I’ve screened many people with the Functional Movement Screen. In conducting all of those screens, I’ve observed typical patterns, one of which tends to be shoulder mobility issues. While this post is not a treatment plan or medical advice, it is the quick shoulder mobility series I use after the initial individual work and correctives. It’s a great way to open up thoracic and shoulder mobility after a long day of sitting or just living in today’s world.
I have my students perform the series as a superset. They move from one exercise to the next without a break. I typically have them perform the series three times. It’s a great mobility set and general warm-up for the session ahead.
We start with the RKC armbar. Use an appropriate weight for the movement. What is appropriate? I typically use a 14kg for the series as it is a warm-up / mobility drill and not strength focused. There are several versions of the RKC armbar, but I tend to have my knee bent at 90 degrees to keep my lumbar spine out of the exercise. This also focuses the exercise on the mid-thoracic area instead of rolling your hips into the ground. I like to take 3-5 breaths per side before moving on to the next drill.
The next stop is the bretzel stretch. I rest my head on a roller or another padded surface to keep my neck free of tension so I can focus on the movement. I breathe to move through the stretch: I breath in, tighten up, then relax and exhale as I move deeper into the stretch. I typically practice for 3-5 breaths per side to move through the stretch.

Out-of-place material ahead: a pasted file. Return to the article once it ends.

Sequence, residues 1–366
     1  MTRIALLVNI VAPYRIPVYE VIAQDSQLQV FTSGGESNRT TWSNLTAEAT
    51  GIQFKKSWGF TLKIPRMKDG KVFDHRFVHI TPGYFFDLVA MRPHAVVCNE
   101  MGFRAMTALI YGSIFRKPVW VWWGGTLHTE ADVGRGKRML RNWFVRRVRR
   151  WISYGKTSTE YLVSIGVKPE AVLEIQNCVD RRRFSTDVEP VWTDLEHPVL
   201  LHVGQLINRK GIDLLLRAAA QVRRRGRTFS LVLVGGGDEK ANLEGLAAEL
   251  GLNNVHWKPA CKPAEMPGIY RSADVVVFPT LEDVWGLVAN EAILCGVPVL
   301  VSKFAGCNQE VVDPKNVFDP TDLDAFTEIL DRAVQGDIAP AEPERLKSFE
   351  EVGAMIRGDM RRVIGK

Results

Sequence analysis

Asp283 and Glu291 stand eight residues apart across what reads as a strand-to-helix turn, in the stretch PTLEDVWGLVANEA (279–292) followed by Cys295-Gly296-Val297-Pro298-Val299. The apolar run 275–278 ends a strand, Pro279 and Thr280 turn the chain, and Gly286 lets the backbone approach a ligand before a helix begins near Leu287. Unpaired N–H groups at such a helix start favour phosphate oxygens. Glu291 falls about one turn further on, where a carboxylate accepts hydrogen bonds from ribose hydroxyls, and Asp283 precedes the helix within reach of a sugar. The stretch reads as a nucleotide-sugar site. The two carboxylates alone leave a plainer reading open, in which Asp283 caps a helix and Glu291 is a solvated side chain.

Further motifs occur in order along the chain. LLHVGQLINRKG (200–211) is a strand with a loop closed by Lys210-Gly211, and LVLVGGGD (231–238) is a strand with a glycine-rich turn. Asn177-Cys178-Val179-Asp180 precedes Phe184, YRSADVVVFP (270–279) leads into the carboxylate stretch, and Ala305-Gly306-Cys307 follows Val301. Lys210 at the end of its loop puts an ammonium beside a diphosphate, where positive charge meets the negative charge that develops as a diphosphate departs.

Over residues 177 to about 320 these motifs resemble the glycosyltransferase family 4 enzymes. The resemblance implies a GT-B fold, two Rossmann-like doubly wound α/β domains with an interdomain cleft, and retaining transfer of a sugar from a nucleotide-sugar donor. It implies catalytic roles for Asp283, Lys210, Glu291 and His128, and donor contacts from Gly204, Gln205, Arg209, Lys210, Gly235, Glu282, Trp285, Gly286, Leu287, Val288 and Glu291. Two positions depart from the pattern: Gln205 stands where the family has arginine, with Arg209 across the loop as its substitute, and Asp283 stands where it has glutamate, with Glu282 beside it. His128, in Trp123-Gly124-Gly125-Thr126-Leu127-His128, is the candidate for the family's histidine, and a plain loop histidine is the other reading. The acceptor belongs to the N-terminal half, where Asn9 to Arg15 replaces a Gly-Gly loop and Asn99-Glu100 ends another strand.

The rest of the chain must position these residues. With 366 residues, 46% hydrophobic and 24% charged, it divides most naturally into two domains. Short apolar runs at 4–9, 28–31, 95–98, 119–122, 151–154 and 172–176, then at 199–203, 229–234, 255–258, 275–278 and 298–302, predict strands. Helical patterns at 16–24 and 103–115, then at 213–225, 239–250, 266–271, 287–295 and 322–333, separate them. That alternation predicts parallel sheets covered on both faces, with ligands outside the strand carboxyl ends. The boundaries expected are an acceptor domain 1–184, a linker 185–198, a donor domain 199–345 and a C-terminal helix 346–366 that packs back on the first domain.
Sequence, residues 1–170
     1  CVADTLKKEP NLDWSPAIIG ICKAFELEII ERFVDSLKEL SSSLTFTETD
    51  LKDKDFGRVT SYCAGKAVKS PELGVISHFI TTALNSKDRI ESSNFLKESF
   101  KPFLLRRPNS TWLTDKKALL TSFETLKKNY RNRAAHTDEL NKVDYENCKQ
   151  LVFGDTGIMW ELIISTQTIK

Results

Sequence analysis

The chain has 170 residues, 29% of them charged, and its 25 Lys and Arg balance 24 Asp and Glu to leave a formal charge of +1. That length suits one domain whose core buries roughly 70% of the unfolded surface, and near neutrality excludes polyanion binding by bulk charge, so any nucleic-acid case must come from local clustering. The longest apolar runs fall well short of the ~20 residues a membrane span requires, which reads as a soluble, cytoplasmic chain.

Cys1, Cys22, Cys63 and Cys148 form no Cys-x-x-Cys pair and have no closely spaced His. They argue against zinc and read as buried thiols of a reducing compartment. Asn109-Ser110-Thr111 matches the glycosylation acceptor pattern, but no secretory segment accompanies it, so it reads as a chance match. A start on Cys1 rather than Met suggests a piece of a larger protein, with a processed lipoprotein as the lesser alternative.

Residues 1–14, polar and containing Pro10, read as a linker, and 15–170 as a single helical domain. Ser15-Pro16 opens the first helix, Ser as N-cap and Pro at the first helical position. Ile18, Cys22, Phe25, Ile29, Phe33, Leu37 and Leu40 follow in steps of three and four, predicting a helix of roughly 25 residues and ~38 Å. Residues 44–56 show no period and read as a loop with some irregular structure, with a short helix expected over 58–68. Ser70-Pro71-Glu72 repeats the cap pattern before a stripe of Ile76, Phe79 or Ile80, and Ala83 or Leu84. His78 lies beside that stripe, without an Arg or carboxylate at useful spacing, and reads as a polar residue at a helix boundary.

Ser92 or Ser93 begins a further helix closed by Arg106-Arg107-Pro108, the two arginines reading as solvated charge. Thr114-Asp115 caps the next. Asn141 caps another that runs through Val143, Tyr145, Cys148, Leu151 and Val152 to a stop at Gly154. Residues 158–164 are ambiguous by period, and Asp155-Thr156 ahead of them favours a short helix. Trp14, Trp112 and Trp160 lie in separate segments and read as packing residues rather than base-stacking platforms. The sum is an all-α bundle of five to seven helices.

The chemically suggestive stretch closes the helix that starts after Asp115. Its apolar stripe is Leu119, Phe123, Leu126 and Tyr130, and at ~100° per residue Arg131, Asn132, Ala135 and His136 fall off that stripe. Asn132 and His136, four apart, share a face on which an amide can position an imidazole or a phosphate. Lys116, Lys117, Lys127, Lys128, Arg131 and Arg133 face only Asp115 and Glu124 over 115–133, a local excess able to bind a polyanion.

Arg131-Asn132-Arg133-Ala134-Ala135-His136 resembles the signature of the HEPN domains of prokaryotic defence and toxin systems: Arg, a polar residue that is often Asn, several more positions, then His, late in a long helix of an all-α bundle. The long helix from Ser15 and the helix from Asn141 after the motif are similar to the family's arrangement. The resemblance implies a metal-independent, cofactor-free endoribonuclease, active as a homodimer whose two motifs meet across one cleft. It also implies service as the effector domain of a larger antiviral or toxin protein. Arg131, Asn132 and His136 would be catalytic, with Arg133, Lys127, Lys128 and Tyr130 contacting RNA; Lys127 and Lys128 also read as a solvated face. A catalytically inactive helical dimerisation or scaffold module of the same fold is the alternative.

The last move in the set is the kettlebell halo. Since this is still a mobility exercise and not a strength move, I keep the weight at 14kg. I like the half kneeling position as it also helps to teach the body how to be stable. You can also do the halo standing if your knees prevent you from kneeling. While I did not demonstrate it in the video below, you can also use half kneeling to develop stability. I perform ten halos in one direction and ten in the other.
After a 30 second rest, I begin the series again.
If you have shoulder pain, do not perform any of these exercises without medical evaluation. I also highly recommend that you see an FMS practitioner for screening to address any and all movement issues.